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Friday, January 13, 2012


Last Sunday we woke up early and packed our things for the week. We spent the morning with the Infrastructure team (Infra) loading the bus with the stuff we would need for camp: tents, speakers, shovels, tarps, games. After a couple of hours, we finally loaded everything, and I took a seat next to my buddy, Manolo, and we left Lima, headed for the desert and the beach.

After staring out the window and sleeping through the second half of the the three hour bus ride, we pulled into the YMCA owned camp. The parking lot was at the top of a huge bluff, and far below was the beach. We unloaded as fast as we could, piling everything at the top of the stairs. Then the work began. About fourteen of us began carrying all our camp equipment down the beach. One hundred and ninety stairs. Up and down, and up and down. In the desert heat.

Eventually we grew smart and formed a fire brigade system, passing items a few at a time. But by then my legs were shaking. It took us the rest of the morning and most of the afternoon to move everything down those stairs, and the rest of the evening to set up all the tents. I was good and tired. I didn't even care that I was sleeping on sand.

The next morning, Cristian and I got up, and joined the others in finishing setting up awnings. After breakfast we set up a couple storage tents, and then began work on setting up the first game: Defend Your Leader, a classic Young Life camp game. The Infra boss, Alex, asked Cristian and I to dig a hole down by the water to make a small pool for the obstacle course. We asked the Program team where exactly they wanted it, and set to work. We finished work on the hole around 2:00 pm, lunch time. But when we got back to the beach after lunch, the hole was gone. The water had completely filled it in. There wasn't a mark in the sand where it had been.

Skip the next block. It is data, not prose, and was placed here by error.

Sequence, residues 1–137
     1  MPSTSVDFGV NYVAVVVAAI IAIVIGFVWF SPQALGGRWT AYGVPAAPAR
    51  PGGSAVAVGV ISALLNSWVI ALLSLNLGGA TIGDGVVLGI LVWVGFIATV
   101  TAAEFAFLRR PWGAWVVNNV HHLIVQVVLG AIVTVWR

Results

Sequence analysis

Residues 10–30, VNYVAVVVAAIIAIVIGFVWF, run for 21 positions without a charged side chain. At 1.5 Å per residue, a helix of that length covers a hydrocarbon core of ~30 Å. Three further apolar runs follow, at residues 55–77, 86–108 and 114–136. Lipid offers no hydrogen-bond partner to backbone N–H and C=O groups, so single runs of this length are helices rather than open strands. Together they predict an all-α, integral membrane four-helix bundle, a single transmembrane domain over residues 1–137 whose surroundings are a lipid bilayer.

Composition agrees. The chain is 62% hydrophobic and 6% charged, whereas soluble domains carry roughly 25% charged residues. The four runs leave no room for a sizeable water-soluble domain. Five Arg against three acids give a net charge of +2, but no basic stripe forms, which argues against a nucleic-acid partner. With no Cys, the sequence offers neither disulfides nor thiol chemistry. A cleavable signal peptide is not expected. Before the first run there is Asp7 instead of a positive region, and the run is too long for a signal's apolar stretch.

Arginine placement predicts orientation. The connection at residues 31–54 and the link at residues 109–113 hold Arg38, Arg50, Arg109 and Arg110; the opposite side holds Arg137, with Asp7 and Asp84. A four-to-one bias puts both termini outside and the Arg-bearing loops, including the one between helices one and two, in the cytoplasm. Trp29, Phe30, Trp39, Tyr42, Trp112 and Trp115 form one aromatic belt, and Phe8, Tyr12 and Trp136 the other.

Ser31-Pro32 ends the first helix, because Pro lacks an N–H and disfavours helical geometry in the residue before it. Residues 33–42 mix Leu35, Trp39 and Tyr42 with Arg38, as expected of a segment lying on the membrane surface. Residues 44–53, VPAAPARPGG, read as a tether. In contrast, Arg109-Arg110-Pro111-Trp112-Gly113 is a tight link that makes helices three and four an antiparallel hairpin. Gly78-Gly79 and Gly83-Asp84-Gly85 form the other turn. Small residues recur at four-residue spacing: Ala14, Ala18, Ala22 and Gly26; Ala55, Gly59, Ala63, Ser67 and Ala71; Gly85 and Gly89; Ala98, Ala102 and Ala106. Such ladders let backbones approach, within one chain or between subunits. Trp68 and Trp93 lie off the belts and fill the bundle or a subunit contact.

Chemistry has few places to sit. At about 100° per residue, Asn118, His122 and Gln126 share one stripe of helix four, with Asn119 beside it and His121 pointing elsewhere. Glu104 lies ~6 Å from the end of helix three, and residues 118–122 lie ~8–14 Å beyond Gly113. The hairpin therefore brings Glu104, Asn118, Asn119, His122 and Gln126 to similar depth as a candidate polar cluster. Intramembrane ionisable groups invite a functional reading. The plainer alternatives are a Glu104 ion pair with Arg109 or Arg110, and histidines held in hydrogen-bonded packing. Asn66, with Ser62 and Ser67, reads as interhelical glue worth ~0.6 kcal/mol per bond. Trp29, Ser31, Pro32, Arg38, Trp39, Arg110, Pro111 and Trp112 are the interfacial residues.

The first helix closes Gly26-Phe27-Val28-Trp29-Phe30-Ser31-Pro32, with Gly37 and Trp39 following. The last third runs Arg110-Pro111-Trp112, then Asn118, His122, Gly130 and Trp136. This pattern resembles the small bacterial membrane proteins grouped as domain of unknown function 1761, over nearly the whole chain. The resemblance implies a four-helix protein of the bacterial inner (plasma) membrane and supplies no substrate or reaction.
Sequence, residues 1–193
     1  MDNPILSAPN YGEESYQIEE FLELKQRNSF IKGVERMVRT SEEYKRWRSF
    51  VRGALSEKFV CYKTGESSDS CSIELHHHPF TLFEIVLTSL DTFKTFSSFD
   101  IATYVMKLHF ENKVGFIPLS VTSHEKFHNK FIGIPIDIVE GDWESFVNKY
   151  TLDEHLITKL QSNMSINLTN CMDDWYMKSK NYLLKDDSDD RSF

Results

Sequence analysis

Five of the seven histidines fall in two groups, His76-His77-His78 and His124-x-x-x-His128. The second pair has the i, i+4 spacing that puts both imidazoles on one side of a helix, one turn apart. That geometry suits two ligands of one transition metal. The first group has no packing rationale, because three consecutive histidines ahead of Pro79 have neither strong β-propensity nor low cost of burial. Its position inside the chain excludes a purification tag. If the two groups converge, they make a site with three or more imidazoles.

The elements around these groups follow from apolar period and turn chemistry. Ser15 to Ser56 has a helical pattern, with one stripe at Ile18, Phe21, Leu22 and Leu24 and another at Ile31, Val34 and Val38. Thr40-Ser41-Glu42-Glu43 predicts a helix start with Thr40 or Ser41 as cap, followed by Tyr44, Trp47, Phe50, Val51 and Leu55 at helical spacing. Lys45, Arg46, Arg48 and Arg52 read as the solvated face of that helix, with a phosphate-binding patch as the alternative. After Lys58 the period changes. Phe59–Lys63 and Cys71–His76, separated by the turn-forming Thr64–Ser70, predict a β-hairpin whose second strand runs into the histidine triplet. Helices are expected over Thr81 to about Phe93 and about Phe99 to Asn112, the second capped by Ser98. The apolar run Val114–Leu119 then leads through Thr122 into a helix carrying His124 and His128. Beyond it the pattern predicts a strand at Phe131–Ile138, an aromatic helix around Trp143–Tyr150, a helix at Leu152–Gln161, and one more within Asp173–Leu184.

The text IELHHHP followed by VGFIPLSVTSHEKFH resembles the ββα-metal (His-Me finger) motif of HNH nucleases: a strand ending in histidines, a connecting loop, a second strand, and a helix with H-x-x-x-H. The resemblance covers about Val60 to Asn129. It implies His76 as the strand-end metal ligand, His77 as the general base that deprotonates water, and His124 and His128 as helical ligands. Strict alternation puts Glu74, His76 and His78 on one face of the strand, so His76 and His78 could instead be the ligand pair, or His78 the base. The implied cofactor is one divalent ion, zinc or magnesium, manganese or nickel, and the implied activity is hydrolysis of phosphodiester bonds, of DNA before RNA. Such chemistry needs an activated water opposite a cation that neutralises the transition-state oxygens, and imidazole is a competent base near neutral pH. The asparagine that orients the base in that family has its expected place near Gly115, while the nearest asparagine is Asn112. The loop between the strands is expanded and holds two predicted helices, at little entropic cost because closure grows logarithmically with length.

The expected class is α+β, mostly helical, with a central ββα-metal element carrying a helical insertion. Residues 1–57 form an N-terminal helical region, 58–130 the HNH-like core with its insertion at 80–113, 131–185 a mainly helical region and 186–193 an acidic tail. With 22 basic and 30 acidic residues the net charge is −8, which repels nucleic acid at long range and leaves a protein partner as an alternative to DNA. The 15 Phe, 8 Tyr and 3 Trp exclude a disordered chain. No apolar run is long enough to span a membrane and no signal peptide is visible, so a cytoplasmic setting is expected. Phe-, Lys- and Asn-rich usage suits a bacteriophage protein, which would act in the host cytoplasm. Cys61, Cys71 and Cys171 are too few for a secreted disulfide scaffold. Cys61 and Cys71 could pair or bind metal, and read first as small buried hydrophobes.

We started hole number two. About half way through our second hole, Cristian's phone rang. Christen had been in an accident back in Lima. Immediately, Cristian dropped his shovel and left.

So, there I was. The only gringo, the only English speaker, digging a hole on a Peruvian beach. I'd be lying if I said I wasn't worried, if I said I wasn't scared. But I knew the Infra team would take care of me. Not long after, Alex came and explained what had happened to Christen. She had been driving the van and hit another car. She'd broken the windshield with her head, but he said she'd be fine. But Cristian was staying with her.

Alex joined me in my man made sandbox within a sandbox and helped me finish the second hole. And then the water poured in. As we watched our second hole fill in with sand, we moved even farther up the beach, and dug our third hole. About that time the rest of the teams were arriving, so we had a little more help, but it was only day two, and I'd already had enough sand for a week.

That night the kids arrived, and were full of energy. It was good to see their excitement, and to see how well Young Life has standardized camping. It was like they were following the Woodleaf script. That was a real comfort. But still, I was very alone that first night, trying just to follow the flow. I ended up falling asleep in club, and heading to bed early.